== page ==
I hadn’t really planned my trip, other than I knew I didn’t want to use the tube or buses, so I set off across the Thames via the Hungerford Bridge and made for Notes on St Marin’s Lane, which I knew was open for sit-in customers. I honestly couldn’t have picked a better spot for my first time in a coffee shop in four months. From there, I wandered on, heading north into Bloomsbury and then west into Fitzrovia. I spotted quite a few places that were open, either for takeaway, or, more rarely, for sit-in customers, while there were plenty more that were still closed. I only called in on two more, Kafi and Attendant, before I called it a day and wandered back to Waterloo.
I’d originally planned to come back before rush bour, but I’d wandered further than anticipated, so got back to Waterloo shortly before five o’clock. Again, I needn’t have worried. While this train would have been packed pre-pandemic, to the point that I might not have got a seat, I had a third of a carriage to myself all the way back to Guildford.
Buoyed by this success, I went on another trip the following week, this time only going as far as Surbiton, again on the branch line from London Road. Along the way, I called in at G!RO in Esher, before visiting my intended target, The Press Room, conveniently located opposite Surbiton Station. Then it was back on another near-empty train to Guildford.
You can find out what I made of my experiences after the gallery.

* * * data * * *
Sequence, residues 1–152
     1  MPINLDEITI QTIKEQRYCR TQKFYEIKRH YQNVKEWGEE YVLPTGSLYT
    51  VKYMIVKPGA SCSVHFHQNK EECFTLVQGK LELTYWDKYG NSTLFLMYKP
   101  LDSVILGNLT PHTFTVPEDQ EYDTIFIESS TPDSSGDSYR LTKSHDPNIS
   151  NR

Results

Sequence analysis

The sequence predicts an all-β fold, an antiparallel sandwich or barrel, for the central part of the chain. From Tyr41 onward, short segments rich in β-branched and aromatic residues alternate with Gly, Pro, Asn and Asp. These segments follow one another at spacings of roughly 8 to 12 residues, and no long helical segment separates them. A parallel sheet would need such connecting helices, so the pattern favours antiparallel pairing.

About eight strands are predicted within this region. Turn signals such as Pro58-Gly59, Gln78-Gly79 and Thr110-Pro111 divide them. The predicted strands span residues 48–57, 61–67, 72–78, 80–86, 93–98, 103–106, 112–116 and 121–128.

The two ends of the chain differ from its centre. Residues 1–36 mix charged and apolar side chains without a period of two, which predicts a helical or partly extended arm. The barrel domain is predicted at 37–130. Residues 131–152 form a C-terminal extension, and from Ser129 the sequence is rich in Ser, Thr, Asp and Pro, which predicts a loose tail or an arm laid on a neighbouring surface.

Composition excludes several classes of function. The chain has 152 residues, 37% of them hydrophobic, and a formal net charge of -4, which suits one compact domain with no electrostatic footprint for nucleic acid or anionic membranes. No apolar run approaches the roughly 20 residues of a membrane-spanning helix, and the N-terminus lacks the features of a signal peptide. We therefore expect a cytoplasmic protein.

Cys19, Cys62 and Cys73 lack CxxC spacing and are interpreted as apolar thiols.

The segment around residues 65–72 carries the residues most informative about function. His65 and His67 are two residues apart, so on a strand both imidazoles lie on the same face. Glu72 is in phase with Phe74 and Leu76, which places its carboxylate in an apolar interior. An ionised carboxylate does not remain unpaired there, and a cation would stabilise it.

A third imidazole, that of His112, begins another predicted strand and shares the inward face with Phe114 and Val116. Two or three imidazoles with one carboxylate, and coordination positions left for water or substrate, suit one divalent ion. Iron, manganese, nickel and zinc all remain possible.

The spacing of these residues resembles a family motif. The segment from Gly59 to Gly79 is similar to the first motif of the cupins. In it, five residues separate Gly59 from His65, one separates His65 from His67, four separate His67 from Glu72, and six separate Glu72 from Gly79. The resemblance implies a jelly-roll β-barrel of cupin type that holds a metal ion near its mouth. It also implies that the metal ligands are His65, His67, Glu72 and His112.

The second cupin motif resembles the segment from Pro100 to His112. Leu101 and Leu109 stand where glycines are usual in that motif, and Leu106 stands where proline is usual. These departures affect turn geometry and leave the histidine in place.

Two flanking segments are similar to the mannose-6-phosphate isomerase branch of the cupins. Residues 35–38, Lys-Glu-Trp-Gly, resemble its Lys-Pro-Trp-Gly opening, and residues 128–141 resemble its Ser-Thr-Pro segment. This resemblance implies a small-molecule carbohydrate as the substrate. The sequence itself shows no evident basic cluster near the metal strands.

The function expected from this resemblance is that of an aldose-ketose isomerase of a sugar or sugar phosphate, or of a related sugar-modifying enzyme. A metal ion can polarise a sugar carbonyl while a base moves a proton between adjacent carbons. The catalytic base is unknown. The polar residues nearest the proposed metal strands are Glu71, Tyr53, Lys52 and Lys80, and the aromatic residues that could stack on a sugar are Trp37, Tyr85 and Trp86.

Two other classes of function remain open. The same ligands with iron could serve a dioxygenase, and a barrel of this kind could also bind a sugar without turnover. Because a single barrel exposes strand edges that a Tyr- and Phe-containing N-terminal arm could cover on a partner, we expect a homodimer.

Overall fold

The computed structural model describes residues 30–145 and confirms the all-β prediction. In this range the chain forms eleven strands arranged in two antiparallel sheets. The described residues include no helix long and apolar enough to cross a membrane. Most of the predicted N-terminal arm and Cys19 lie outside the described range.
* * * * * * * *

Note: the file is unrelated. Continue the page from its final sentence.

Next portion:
Despite my misgivings, I really enjoyed both my trips. Along the way, I discovered just how much I’d missed sitting in coffee shops, drinking coffee out of a proper cup. I’d worried about many things, including how safe I’d feel. As it was, I felt very safe in all the coffee shops I visited, all of whom had implemented the Government guidelines with thought and care.
Tables were well-spaced, Perspex screens were in place where they needed to be and everyone had a good check-in system, although the best was at The Press Room in Surbiton, where you couldn’t even enter the shop unless there was a table free. Guidance was clear, with plenty of signs and instructions, while everyone did a good job of separating takeaway customers from those sitting in. Once again, the best example was at The Press Room, where, due to the layout, takeaway customers are served from the front window. Everywhere else I went, takeaway customers had to enter the coffee shop to order.
Another concern was whether I’d be able to relax. I feared that I would feel pressured to vacate my seat so someone else could come in. Again, I needn’t have worried: it was pretty quiet in all three places I visited in London. That said, I had very much loaded the dice in my favour, picking a cool, cloudy Tuesday when I was fairly sure that there wouldn’t be many people about (and there weren’t; central London was way quieter than central Guildford!).